If the cheers/jeers meter was any indication, Steuart Pittman knocked the ball out of the park in the October 18 debate with Steve Schuh at Maryland Hall. Even worse for Schuh, Pittman seemed to maneuver him to total agreement with Pittman’s main point: it isn’t just about having enough money, it is about priorities.
Early on in the program Schuh proudly pointed out that the robust economy in Anne Arundel, which he obviously takes credit for, was providing $60 million extra every year in revenue. Near the end of his monologue, Schuh explained in excruciating detail how all the things that Pittman wanted to do would cost $200 million (implying it would all be spent in one year).
Well, divide that by four, which is the time frame that Pittman is really talking about, and what you get?
If Schuh were to devote even $50 million to the programs that Pittman is proposing, then four years later all of Pittman’s proposals would’ve been realized. Teachers, police, and firemen would have jobs at higher pay and dramatically improve the services all of us enjoy in Anne Arundel County. That may have brought the wildest applause of the evening.
I asked Pittman afterwards if he had planned that maneuver and he said “Frankly, John, I was terrified. During my debate preparation I came to the point where I just couldn’t figure out what I was going to say. That made me very nervous going into this debate.”
Well if Pittman was nervous it sure didn’t show!
Schuh managed to put his foot in his mouth again when he talked about the Styrofoam ban. His statement that Styrofoam was no worse than any other material going into landfills and nothing needed to be done was met with ridicule and disbelief, even some booing.
Pittman’s emotional presence was powerful while showing himself to be open-minded and sensitive at the same time. When asked if he ever changed his mind, Pittman’s response was extraordinarily personal, thoughtful, and moving. Schuh was mechanical and dry to the point of disbelief. His dryness was also met with stony silence in the hate crimes discussion when he said in a monotone re Grasso’s anti-Muslim posts “he has apologized, and I think it’s time to move on.”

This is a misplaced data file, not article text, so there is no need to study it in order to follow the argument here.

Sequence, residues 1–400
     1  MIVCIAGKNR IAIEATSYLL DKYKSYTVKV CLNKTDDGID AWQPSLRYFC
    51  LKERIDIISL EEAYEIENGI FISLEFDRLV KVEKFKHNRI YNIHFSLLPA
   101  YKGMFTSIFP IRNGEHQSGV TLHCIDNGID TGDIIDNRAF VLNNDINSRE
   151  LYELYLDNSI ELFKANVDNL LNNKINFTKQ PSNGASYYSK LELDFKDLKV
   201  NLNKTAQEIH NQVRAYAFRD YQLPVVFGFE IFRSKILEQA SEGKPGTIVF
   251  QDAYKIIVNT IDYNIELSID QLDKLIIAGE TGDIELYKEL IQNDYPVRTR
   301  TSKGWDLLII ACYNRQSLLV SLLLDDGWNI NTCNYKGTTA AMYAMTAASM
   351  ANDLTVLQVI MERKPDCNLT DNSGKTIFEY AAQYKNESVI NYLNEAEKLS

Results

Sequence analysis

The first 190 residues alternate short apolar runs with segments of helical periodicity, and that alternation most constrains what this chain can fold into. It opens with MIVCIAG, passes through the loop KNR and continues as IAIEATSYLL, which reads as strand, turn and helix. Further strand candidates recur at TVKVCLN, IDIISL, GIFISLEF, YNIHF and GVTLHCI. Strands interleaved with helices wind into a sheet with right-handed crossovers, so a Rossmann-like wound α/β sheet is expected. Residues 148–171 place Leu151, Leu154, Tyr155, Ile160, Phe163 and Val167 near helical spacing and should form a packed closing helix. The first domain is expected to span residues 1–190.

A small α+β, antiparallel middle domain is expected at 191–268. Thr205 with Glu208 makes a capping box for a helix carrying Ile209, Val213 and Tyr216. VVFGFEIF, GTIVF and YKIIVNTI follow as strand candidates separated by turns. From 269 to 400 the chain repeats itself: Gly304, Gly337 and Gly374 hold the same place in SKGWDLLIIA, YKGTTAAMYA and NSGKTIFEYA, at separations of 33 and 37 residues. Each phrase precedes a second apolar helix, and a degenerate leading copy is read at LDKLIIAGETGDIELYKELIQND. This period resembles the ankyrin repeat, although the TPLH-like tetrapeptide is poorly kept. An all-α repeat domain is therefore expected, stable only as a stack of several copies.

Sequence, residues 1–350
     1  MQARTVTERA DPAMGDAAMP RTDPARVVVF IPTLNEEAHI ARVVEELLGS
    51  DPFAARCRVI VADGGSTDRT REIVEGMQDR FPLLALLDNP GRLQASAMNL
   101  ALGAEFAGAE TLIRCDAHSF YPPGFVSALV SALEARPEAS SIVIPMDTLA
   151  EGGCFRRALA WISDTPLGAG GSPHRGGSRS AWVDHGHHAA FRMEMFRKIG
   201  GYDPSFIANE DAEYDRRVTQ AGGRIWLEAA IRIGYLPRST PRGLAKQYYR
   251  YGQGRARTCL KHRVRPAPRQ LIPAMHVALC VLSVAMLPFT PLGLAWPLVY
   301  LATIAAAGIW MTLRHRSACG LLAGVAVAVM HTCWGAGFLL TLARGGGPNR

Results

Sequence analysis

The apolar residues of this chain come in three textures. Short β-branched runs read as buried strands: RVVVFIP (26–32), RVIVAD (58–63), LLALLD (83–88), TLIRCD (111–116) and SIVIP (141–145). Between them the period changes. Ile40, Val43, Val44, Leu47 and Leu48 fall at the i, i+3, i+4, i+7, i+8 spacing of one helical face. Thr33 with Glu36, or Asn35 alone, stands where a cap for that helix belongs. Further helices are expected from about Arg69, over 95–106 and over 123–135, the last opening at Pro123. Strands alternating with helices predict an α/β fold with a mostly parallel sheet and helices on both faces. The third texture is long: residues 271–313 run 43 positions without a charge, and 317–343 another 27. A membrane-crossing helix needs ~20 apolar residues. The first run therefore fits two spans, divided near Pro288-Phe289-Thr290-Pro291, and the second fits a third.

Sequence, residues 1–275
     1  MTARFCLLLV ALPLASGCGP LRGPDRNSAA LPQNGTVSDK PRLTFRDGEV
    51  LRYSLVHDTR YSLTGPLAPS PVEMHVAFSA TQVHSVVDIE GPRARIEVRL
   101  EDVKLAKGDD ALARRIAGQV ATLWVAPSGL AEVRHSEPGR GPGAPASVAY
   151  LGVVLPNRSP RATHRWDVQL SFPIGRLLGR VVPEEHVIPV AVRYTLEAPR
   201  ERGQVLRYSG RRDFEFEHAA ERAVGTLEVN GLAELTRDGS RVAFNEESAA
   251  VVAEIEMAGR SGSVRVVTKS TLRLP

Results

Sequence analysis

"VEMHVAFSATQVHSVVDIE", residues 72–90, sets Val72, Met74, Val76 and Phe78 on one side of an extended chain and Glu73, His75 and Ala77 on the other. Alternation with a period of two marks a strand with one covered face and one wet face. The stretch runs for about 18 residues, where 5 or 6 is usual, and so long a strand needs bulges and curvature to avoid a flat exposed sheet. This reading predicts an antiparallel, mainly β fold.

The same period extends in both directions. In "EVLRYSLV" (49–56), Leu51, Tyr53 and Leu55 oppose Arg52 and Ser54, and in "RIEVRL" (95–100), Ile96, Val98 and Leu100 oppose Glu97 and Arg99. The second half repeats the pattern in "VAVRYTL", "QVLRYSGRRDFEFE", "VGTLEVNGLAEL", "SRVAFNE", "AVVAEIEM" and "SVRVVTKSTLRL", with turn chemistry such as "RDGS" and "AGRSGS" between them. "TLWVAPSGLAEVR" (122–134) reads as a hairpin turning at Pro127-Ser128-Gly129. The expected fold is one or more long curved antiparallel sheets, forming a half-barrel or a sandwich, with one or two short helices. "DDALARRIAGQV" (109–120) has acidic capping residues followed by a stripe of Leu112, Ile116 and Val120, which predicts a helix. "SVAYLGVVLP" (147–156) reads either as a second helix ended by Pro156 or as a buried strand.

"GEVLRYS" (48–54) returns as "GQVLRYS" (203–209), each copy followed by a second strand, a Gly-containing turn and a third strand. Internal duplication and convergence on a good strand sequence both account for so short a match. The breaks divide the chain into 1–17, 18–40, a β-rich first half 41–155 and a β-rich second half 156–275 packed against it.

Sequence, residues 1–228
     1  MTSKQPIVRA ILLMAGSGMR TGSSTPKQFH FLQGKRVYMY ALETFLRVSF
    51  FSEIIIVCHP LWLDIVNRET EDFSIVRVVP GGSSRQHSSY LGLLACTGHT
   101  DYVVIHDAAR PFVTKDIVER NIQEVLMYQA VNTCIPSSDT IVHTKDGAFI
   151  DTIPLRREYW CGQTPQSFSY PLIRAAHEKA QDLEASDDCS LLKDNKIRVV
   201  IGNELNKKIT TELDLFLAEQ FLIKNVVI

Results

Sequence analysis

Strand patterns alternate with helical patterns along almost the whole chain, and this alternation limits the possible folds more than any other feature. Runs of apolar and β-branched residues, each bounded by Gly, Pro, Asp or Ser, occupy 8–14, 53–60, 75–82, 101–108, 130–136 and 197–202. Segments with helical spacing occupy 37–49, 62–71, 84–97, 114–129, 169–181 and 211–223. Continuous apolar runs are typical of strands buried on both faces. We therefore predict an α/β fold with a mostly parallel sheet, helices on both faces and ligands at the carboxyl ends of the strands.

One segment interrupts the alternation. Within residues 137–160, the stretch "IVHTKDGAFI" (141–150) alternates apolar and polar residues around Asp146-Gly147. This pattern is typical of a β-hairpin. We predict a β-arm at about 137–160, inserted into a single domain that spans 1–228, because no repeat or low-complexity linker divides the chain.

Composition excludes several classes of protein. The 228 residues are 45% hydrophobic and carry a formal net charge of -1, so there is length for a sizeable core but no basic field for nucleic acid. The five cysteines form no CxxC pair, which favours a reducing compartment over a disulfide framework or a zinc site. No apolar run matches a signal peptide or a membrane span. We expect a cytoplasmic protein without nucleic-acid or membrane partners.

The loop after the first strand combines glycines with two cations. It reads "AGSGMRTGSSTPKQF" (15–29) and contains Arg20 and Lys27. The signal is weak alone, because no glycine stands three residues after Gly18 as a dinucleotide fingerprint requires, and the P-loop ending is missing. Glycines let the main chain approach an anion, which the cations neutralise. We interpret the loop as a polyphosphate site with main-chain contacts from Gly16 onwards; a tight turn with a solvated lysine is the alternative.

Immigration was the area where Pittman got his biggest cheers. Schuh characterized Pittman as creating a “Sanctuary County” and cast the inmates at the facility only as violent offenders, justifying the program as a protection measure the county. Pittman pointed out that if they’re in jail they can’t exactly be a threat. Moreover, questioning jailed individuals about their immigration status adds to the distrust of government that already characterizes immigrant communities. The facility would better serve the needs of the County by being converted to an opioid addiction treatment facility. That got thunderous response. Mr. Schuh was booed numerous times during the immigration discussion.
Pittman spoke with great authority thanks to his experience from listening to people at his 17 Small Area Town Hall Forums all around the county. For example, on opioid addiction treatment Pittman was able to point out that the Crownsville activists strongly support keeping the treatment centers there.
I was at the Crownsville community forum and it was like being in Vermont — so many committed activists ready to lead. Pittman listened, then offered his unqualified support for their plans to also build a solar facility and many other interesting things on the site. Schuh had declined to acquire the site for the County. Relatedly, at the South County forum people found out that there is new opioid treatment center in Edgewater, and Pittman was able to connect people not only with the South County activists present at the meeting, but also with Brownsville activists. Likewise, he was able to connect South County activists with the new AACT coalition of 22 churches in Anne Arundel County.
Unlike the pathetic “listening forums” run by Schuh’s county earlier in the year, Pittman brought in the right people and not only listened, but synthesized and documented people’s ideas. This enabled him to speak decisively at the debate about community desires and needs.
For more on Steuart Pittman’s plans to put communities first, click here to see a video that lays out his vision.
Can Pittman win?
According to a new Anne Arundel County Community College poll, about a third of the voters are undecided, and the race is a dead heat. The poll found that 64 percent believe we need to ban developers from using big money to influence county elections, 71 percent want to increase teacher pay so that we can retain our best educators, and 75 percent oppose a County Council resolution to limit access to reproductive health care (a resolution Schuh supported and Pittman fought against).
These sentiments, and the alliances created with the Small Area Forums and many other appearances around the County all work strongly in Pittman’s favor.
John Wells is an Annapolis-based activist, writer and photographer.